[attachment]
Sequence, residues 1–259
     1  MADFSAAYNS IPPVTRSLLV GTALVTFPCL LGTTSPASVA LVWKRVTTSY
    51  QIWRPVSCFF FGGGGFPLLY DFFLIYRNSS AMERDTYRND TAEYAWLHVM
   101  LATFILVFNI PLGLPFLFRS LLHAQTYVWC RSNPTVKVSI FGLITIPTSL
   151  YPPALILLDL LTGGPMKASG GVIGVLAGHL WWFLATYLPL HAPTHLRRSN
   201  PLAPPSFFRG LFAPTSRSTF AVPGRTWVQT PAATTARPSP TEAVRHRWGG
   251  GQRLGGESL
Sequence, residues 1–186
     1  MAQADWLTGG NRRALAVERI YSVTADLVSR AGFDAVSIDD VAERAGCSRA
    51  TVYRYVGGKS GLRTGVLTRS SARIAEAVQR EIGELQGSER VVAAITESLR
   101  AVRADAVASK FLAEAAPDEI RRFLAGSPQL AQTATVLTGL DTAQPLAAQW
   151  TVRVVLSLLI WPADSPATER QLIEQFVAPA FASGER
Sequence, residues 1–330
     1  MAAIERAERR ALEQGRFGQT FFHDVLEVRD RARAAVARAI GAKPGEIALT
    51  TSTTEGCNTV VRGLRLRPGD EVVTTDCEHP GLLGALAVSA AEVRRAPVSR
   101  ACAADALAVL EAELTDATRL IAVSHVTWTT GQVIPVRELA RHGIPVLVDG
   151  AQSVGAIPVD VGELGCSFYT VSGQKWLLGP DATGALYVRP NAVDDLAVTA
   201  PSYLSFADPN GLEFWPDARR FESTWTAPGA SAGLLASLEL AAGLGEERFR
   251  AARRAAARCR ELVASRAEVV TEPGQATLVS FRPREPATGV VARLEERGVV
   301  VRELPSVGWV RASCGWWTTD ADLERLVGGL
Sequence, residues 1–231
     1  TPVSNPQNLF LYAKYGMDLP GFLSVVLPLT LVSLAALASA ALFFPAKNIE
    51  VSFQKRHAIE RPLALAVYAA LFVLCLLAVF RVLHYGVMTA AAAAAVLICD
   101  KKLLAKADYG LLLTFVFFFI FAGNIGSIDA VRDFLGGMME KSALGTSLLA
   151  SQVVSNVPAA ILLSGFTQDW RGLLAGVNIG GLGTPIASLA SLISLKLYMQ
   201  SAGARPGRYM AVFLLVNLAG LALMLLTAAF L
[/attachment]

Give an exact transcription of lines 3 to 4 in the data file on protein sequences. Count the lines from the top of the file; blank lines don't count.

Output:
    51  QIWRPVSCFF FGGGGFPLLY DFFLIYRNSS AMERDTYRND TAEYAWLHVM
   101  LATFILVFNI PLGLPFLFRS LLHAQTYVWC RSNPTVKVSI FGLITIPTSL